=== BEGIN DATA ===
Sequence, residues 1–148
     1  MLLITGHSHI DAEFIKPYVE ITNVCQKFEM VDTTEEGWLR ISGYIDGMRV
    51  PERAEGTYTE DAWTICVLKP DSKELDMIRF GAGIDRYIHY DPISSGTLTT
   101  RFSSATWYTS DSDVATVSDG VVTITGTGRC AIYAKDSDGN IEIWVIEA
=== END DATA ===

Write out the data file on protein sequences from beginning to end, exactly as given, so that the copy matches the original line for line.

Sequence, residues 1–148
     1  MLLITGHSHI DAEFIKPYVE ITNVCQKFEM VDTTEEGWLR ISGYIDGMRV
    51  PERAEGTYTE DAWTICVLKP DSKELDMIRF GAGIDRYIHY DPISSGTLTT
   101  RFSSATWYTS DSDVATVSDG VVTITGTGRC AIYAKDSDGN IEIWVIEA